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Archimedes’ legendary sphere brought to life

Recreation of a 2,000-year-old model of the Universe to appear in exhibition.

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Building the sphere of Archimedes

Michael Wright reconstructed a fabled machine that Archimedes invented to model the heavens.

A mechanical model of the Universe attributed to the ancient Greek mathematician and polymath Archimedes has been reconstructed after more than two millennia. The metallic globe, which reproduces the motions of the Sun, Moon and planets through the night sky, will be displayed for the first time at an exhibition in Basel, Switzerland, starting on 27 September.

The model, built by Michael Wright, a mechanician and a former curator at the Science Museum in London, is largely the product of erudite guesswork. But astrophysicist Mike Edmunds of Cardiff University, UK, says that it demonstrates that ancients could have been capable of building such a device. It is a reminder, he says, that geared machines in antiquity were probably more complex than historians often assume.

Modern scholars have generally assumed that Archimedes’ sphere — if it existed — displayed astronomical positions on a flat dial. But Wright thinks that it was a 3D globe, and has built the model to demonstrate how it could have worked. “It’s meant to make other people wake up and think,” he says.

Literary legends

Several ancient writers and poets describe mechanical models of the heavens1, and often attribute these to Archimedes. The earliest and clearest description is in a dialogue2 by Roman author Marcus Tullius Cicero in the first century bc. One of Cicero’s characters, Philus describes how the Roman general Marcus Marcellus in 212 bc led an attack on Archimedes' home city of Syracuse (during which the mathematician was killed). As his troops sacked the city, Marcellus took only one thing for himself: Archimedes’ mechanical sphere.

When Philus later saw a demonstration of the device, he concluded that “the famous Sicilian had been endowed with greater genius than one would imagine it possible for a human being to possess”. Solid globes marked with star constellations were common at the time; but Archimedes’ invention, Philus notes, also included the Sun, Moon and the five known planets, displaying as it turned “those various and divergent movements with their different rates of speed”.

Historians once thought Cicero’s description was either fabricated or exaggerated. But recent studies of the Antikythera mechanism discovered on a shipwreck from the first century bc have changed that. That device turned out to be a clockwork calendar that could display the movements of celestial bodies, as well as predicting solar and lunar eclipses — and proved that complex geared astronomical devices did exist in antiquity3. This sole surviving specimen consisted of more than 30 bronze gearwheels inside a wooden box the size of phone book. A dial on the front displayed the movements of the Sun, Moon and planets through the zodiac, and most specialists have concluded that Cicero and other authors were describing a similar machine.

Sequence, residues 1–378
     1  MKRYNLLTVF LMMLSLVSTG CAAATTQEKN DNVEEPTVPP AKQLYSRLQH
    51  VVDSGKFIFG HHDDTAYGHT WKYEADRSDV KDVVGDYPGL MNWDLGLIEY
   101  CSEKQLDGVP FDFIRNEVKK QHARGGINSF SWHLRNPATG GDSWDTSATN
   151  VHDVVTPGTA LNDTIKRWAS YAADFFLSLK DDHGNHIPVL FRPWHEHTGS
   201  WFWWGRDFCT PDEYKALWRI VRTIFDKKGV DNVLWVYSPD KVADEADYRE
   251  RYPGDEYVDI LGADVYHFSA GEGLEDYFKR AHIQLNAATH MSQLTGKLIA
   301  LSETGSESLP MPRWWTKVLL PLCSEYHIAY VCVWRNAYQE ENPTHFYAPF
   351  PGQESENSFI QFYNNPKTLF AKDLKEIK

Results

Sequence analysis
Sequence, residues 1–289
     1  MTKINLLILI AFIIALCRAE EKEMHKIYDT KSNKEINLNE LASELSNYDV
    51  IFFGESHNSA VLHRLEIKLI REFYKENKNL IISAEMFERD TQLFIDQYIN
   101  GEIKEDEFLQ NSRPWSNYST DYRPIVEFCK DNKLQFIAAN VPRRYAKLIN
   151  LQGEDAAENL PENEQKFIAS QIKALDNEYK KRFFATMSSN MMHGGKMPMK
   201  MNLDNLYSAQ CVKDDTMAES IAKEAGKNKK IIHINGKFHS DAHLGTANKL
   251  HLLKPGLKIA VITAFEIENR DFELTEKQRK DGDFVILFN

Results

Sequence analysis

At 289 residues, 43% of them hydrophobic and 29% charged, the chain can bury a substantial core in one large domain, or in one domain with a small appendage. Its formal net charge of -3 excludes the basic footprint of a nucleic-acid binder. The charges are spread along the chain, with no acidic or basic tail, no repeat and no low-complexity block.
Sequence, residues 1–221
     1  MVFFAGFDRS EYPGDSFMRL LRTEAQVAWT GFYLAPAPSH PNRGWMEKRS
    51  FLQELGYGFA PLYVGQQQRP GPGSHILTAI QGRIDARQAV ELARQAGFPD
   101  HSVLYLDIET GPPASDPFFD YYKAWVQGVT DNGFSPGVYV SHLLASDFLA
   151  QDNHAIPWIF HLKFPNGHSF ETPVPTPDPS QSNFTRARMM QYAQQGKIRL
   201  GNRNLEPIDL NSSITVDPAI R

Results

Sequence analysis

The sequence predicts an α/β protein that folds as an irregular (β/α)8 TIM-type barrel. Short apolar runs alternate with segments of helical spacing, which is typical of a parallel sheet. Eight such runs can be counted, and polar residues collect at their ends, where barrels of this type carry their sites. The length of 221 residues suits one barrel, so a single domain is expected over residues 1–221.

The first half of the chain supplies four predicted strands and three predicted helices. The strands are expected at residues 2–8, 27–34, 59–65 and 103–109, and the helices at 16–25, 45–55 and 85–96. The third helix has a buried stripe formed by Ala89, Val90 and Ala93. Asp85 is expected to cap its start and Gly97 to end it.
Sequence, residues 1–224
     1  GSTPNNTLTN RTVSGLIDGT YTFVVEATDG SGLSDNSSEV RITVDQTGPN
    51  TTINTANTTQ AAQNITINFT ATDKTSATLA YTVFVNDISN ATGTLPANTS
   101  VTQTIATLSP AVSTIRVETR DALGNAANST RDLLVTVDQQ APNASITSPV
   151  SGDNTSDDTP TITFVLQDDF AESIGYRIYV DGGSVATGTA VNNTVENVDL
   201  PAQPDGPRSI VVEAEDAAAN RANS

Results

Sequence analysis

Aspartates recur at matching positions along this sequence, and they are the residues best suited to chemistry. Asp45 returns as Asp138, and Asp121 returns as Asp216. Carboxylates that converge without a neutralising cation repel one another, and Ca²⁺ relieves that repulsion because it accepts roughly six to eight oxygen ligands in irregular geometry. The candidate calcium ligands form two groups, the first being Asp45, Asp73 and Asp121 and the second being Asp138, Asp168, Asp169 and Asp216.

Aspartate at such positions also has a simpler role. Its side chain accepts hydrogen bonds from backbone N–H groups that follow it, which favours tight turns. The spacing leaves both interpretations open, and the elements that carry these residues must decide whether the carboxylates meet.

Language dissection

But Wright — who has previously built two working models of the Antikythera mechanism — says that the written descriptions of the Archimedes device haunted him because they use the Latin word sphaera (or sphaira in Greek). “The literature talks about a sphere,” he says. “The Antikythera mechanism is not a sphere; it’s a shoebox.”

Other scholars counter that 'sphere' could have been a generic term for astronomical models, regardless of their shape. But Wright points out that in Cicero’s description, when the globe was turned, “the Moon was always as many revolutions behind the Sun on the bronze contrivance as would agree with the number of days it was behind it in the sky”.

This implies that the device turned once each day, he says, which makes no sense for a flat dial such as the one on the Antikythera mechanism.

Nature Video/Adam Levy

Wright shows the inner workings of his device, which contains 24 gearwheels.

Wright describes his resulting model as “a God’s eye view” of the cosmos, which he built with similar techniques to those that Archimedes might have used. The original was most probably made of parts cast in bronze, but Wright hammered his globe — 20 centimetres in diameter — from a sheet of copper. He engraved pictures of the Greek constellations on its surface and mounted it in a wooden box, which hides the portion of the globe below the horizon at any given time. The result is similar to a modern planetarium, but seen from the outside. “Imagine the Earth as a tiny ball at its centre,” he says, with the stars and planets rotating around.

Larger than life

As the globe is turned by hand, 24 gearwheels that are hidden inside drive curved pointers around its circumference. Those marking the Sun and the Moon move at a constant speed, whereas the planets meander, moving back and forth with respect to the fixed stars just as in the real sky.

No one knows whether Archimedes truly came up with such a device, but Wright argues that he was perfectly positioned to do so. The ancient scholar was a brilliant mathematician and famous for building ingenious machines, including some to resist the Roman siege.

The model will be displayed at the Basel Museum of Ancient Art and Ludwig Collection in Switzerland as part of an exhibition of artefacts from the Antikythera wreck.

Journal name:
Nature
Volume:
526,
Pages:
19
Date published:
()
DOI:
doi:10.1038/nature.2015.18431

References

  1. Edmunds, M. G. Contemp. Phys. 55, 263285 (2014).

  2. Cicero, M. T. (transl. Keyes, C. W.) De Re Publica Vol. 213, 4044 (Loeb, 1928).

  3. Marchant, J. Nature 444, 534538 (2006).

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